Paper No. 9-0
LOOPE, Walter L., U.S. Geol Survey, Munising, MI 49862,

Recent studies of coastal dunes of the upper Great Lakes have linked the building of foredunes and perched dunes with specific combinations of shore exposure, littoral sand drift, composition of lake-facing bluffs, and Holocene lake-level history. A 30 km stretch of Lake Michigan’s shore, northwest of the Mackinac Straits and normal to prevailing winds, includes examples of both dune types. How is it that disparate dune morphologies elsewhere linked with contrasting sources of sand supply and different behaviors during lake-level change occur here in close proximity? Along this stretch of shoreline, I located and recovered organic matter from buried soils within dune-fields at five locations and used standard methods of soil description and soil stratigraphy to characterize the context of sample sites. I then compared bathymetric and wind regime maps of Lake Michigan and dune-building patterns described from other studies with these soil burials. Within the five study sites, all soil burials occurred during lake high stands identified in beach-ridge studies within the Lake Michigan basin. Between study sites, however, recent as well as ancient dune building in accordance with Olson’s “foredune model” (wherein dune building occurs during falling lake levels) is evident. Examination of NOAA’s bathymetric map of Lake Michigan suggests that disparate styles of dune-building along this portion of the shore are controlled by the positions of off-shore shoals and islands. These barriers lie across the path of effective winds and strongly influence the frequency and severity of wave-driven disturbance during high lake levels. These results suggest that dunes of each portion of the shore are influenced by unique combinations of factors.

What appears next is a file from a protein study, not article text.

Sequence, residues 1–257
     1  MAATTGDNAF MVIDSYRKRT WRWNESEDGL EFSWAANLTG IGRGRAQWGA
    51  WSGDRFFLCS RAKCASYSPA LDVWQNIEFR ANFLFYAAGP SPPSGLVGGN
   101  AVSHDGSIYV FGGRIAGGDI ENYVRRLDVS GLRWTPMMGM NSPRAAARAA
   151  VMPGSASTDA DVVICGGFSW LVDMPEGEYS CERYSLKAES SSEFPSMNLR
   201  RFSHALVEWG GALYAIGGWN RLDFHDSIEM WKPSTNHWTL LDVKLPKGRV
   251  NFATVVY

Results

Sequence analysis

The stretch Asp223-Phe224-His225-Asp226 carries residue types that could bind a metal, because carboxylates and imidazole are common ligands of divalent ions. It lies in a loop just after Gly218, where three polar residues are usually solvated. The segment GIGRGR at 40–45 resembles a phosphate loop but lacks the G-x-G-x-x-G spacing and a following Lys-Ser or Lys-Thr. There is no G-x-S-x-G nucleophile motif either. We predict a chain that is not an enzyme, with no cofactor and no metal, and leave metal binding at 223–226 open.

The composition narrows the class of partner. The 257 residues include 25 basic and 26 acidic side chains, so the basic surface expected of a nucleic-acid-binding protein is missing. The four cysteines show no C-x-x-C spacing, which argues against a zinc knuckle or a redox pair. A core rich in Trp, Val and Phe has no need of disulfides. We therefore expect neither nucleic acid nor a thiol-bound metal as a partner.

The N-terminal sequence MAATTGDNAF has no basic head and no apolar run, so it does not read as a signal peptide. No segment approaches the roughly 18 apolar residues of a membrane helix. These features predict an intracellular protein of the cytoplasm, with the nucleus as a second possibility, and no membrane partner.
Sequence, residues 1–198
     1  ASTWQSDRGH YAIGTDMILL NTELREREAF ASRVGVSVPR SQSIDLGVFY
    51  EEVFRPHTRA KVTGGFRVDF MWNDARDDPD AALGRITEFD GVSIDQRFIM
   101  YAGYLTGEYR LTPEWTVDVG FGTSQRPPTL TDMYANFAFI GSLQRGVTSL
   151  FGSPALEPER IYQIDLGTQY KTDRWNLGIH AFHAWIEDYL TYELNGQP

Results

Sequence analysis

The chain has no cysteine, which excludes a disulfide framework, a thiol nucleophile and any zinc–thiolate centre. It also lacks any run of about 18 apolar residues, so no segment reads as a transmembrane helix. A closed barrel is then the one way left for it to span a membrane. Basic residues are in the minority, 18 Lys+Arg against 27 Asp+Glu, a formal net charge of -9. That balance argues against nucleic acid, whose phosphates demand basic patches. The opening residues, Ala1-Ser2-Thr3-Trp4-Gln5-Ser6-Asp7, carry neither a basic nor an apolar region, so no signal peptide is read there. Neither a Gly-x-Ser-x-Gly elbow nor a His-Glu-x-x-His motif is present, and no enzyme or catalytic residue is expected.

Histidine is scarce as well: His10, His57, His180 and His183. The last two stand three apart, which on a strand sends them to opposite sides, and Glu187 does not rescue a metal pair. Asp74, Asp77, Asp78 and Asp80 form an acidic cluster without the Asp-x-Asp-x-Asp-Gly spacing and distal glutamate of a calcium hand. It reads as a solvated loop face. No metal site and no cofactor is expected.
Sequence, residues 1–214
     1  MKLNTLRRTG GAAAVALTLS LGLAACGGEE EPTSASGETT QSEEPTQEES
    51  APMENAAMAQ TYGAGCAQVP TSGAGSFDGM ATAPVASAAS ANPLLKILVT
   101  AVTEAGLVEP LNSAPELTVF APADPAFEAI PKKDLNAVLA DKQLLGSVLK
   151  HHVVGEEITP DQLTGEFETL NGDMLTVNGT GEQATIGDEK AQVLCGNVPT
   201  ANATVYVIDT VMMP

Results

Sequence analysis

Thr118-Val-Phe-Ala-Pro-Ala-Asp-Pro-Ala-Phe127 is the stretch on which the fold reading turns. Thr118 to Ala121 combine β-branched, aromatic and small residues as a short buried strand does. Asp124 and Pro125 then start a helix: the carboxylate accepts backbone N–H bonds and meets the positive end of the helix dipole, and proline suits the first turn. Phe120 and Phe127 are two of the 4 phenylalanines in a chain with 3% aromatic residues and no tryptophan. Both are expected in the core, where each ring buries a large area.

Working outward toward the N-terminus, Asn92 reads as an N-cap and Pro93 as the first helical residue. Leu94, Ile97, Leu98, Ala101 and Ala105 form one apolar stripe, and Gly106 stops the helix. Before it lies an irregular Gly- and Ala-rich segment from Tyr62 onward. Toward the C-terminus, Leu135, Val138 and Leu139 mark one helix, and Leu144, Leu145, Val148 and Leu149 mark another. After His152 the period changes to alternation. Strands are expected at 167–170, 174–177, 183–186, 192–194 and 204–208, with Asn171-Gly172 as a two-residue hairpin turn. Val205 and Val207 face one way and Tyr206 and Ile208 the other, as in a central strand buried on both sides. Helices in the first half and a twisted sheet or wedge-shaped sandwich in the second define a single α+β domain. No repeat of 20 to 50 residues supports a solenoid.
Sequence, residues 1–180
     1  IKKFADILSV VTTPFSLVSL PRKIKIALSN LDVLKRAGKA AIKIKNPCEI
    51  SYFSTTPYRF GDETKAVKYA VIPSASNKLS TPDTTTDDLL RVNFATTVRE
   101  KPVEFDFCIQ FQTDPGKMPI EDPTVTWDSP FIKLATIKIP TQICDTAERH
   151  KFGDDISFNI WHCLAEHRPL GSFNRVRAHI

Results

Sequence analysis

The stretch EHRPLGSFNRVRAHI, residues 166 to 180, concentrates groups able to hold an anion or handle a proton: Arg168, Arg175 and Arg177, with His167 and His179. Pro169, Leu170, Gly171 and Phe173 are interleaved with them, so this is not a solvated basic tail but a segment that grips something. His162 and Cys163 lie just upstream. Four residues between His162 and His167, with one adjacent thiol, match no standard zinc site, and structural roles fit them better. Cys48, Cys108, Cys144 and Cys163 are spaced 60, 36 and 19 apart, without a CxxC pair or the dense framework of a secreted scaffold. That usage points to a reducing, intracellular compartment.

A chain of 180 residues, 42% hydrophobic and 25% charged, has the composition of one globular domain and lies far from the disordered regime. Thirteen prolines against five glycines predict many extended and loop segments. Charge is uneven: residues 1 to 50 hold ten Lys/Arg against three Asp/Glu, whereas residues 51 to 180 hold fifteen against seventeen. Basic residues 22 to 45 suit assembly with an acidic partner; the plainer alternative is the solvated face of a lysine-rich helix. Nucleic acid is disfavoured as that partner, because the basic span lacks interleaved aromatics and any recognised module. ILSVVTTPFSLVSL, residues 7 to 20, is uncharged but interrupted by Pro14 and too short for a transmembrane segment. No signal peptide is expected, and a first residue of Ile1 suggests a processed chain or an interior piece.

North-Central Section (36th) and Southeastern Section (51st), GSA Joint Annual Meeting (April 3–5, 2002)
Session No. 9
Shoreline Processes: Ocean Coastal and Great Lakes Issues
Heritage Hall: West
1:20 PM-4:40 PM, Wednesday, April 3, 2002

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